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What is my doctor looking for during my evaluation?
Your eye doctor should look for risk factors prior to surgery that may make you a less than ideal candidate for surgery and discuss any abnormal findings with you at length. The following are considered to be risk factors for refractive surgery.
High prescriptions: Patients with extreme eyeglass prescriptions (high myopia or high hyperopia) may not be good candidates for LASIK because too much corneal tissue would need to be removed to safely perform the procedure.
Thin corneas: Because all excimer laser surgery (LASIK and surface ablation) requires the removal of small amounts of corneal tissue to correct your refractive error, the thickness of your corneas must be measured before surgery. Patients who have very thin corneas are at risk for excessive corneal weakening after surgery and may not be good candidates for LASIK. In these cases, surface ablation or other procedures may be more appropriate.
Abnormal corneal curvature: There are many devices used today to measure the overall shape and curvature of your cornea. These devices are called topographers and are an essential part of your initial evaluation. Abnormalities in the shape and curvature of your cornea may indicate that your cornea is weaker than that of the average person, and this will exclude you from having LASIK safely.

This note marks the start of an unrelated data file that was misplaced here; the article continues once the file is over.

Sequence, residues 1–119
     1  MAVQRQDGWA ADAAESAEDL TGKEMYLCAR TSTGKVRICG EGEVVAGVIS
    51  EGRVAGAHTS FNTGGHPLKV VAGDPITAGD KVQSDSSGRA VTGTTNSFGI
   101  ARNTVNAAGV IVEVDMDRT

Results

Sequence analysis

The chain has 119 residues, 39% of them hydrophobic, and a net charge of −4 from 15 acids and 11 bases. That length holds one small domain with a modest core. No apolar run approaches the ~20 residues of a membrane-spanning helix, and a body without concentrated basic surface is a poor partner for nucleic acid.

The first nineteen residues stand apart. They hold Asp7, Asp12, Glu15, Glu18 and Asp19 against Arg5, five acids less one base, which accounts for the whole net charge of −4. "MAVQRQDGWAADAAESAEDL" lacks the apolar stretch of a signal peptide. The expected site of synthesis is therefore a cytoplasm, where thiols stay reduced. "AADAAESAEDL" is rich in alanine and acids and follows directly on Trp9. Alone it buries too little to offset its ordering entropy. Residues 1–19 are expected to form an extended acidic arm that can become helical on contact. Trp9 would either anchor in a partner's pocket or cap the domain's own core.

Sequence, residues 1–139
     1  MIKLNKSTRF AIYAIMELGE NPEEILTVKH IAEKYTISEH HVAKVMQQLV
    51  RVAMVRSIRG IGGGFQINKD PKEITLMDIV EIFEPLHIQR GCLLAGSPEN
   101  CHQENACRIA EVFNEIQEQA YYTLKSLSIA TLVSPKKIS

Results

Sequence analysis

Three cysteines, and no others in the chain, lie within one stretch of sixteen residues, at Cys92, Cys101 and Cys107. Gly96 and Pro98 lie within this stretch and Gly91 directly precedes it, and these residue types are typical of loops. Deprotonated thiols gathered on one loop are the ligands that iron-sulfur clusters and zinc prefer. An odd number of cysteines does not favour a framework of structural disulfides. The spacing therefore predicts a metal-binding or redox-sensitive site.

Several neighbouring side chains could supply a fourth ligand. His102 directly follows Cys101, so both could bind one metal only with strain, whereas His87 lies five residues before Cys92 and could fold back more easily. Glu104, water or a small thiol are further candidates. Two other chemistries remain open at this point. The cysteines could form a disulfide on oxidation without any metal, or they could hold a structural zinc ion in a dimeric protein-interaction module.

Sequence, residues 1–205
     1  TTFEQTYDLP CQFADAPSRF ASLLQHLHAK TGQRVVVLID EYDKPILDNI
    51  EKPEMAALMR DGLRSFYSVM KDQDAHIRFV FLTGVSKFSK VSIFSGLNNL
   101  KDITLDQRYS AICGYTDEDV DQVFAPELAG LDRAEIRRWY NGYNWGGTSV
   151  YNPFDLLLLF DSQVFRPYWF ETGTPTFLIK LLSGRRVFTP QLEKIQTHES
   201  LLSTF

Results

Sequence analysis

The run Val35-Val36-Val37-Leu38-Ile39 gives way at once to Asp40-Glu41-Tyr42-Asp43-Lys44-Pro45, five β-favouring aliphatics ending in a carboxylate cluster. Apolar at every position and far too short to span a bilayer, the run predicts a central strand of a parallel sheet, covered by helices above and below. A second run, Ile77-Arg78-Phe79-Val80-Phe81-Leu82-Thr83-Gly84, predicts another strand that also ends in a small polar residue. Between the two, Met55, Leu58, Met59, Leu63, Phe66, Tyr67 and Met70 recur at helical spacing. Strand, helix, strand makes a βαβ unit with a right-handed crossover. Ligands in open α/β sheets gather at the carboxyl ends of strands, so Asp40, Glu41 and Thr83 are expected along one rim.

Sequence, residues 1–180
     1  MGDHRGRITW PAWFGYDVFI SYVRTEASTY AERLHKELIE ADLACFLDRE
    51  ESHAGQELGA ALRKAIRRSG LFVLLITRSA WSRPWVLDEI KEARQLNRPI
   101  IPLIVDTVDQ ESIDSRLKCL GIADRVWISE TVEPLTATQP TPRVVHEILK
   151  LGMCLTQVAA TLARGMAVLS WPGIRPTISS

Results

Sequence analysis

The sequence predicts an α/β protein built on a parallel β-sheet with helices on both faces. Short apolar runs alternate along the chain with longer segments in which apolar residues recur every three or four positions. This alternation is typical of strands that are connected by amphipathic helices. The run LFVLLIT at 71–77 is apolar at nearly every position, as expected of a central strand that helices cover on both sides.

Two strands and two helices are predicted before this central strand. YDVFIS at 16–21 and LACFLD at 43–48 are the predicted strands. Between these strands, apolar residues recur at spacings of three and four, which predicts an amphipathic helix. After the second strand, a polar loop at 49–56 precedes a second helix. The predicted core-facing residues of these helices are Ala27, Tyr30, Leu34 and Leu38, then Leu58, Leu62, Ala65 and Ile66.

Dry eyes: Patients with dry eye symptoms, such as burning, redness, and tearing may have worse symptoms after LASIK surgery. This occurs because corneal nerves are cut during this procedure, and these nerves are partly responsible for stimulating tear secretion. Most patients have a full return back to their baseline state after surgery; however, patients with significant dry eye before surgery may not be appropriate surgical candidates
Large pupils: Although less common today, some patients still notice glare, halos, or other night vision issues after LASIK. Patients with larger pupils may be more prone to noticing these things, so your screening evaluation should include measurement of your pupil size in a dark room.
Previous refractive surgery: Prior corneal surgery or other types of refractive surgery, especially radial keratotomy (RK), may complicate additional procedures. You should talk to your eye doctor about this situation in order to make the best decision possible about your ability to be corrected with further surgery.